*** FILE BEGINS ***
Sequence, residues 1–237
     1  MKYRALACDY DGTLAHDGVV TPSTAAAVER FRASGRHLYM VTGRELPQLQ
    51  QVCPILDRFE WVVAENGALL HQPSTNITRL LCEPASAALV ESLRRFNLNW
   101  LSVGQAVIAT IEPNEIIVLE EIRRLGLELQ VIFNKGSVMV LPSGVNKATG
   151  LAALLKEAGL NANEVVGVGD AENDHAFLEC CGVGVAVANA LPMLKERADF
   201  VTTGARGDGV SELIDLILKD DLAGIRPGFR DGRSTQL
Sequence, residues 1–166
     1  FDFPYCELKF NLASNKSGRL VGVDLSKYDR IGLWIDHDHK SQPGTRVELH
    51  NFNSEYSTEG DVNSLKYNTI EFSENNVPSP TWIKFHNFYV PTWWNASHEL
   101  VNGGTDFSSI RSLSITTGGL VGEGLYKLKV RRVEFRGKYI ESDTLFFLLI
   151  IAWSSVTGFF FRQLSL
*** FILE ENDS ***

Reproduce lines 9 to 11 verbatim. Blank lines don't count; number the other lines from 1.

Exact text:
    51  NFNSEYSTEG DVNSLKYNTI EFSENNVPSP TWIKFHNFYV PTWWNASHEL
   101  VNGGTDFSSI RSLSITTGGL VGEGLYKLKV RRVEFRGKYI ESDTLFFLLI
   151  IAWSSVTGFF FRQLSL